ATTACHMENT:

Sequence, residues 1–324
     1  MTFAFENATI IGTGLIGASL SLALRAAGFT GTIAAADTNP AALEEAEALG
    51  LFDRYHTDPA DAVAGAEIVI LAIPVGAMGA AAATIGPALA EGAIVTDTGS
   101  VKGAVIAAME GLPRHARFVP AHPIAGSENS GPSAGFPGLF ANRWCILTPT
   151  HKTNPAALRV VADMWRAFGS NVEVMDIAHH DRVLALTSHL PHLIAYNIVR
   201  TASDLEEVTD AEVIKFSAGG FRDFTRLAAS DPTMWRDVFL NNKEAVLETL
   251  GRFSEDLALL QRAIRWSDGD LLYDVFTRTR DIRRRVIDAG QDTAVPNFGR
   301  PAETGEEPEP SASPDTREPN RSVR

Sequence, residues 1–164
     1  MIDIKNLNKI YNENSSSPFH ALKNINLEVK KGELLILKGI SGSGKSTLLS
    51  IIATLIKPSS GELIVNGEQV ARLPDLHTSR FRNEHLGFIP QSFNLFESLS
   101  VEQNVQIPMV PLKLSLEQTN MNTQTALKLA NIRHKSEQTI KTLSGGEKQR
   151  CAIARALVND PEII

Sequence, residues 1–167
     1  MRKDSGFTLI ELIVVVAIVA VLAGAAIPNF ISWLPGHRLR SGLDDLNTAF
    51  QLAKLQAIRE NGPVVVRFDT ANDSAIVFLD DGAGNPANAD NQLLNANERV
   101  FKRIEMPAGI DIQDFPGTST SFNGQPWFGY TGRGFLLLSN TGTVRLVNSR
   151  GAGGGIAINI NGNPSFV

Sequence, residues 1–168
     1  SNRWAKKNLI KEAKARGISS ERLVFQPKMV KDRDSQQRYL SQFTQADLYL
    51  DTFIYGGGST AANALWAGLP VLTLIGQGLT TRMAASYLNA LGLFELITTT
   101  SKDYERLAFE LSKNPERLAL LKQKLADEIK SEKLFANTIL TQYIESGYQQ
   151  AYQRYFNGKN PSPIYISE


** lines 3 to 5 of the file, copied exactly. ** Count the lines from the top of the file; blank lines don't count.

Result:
    51  LFDRYHTDPA DAVAGAEIVI LAIPVGAMGA AAATIGPALA EGAIVTDTGS
   101  VKGAVIAAME GLPRHARFVP AHPIAGSENS GPSAGFPGLF ANRWCILTPT
   151  HKTNPAALRV VADMWRAFGS NVEVMDIAHH DRVLALTSHL PHLIAYNIVR